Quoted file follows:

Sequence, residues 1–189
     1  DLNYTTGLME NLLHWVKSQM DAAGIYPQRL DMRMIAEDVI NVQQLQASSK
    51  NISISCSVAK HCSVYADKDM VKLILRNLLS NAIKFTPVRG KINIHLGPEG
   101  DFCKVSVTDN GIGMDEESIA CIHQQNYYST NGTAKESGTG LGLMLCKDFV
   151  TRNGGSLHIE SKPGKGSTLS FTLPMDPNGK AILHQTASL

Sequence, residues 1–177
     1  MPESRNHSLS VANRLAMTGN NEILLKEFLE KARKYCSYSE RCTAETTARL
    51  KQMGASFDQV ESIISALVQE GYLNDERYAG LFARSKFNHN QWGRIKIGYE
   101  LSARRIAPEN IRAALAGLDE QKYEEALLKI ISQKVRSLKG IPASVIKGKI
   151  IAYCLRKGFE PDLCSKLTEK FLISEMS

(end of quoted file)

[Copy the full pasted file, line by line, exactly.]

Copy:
Sequence, residues 1–189
     1  DLNYTTGLME NLLHWVKSQM DAAGIYPQRL DMRMIAEDVI NVQQLQASSK
    51  NISISCSVAK HCSVYADKDM VKLILRNLLS NAIKFTPVRG KINIHLGPEG
   101  DFCKVSVTDN GIGMDEESIA CIHQQNYYST NGTAKESGTG LGLMLCKDFV
   151  TRNGGSLHIE SKPGKGSTLS FTLPMDPNGK AILHQTASL

Sequence, residues 1–177
     1  MPESRNHSLS VANRLAMTGN NEILLKEFLE KARKYCSYSE RCTAETTARL
    51  KQMGASFDQV ESIISALVQE GYLNDERYAG LFARSKFNHN QWGRIKIGYE
   101  LSARRIAPEN IRAALAGLDE QKYEEALLKI ISQKVRSLKG IPASVIKGKI
   151  IAYCLRKGFE PDLCSKLTEK FLISEMS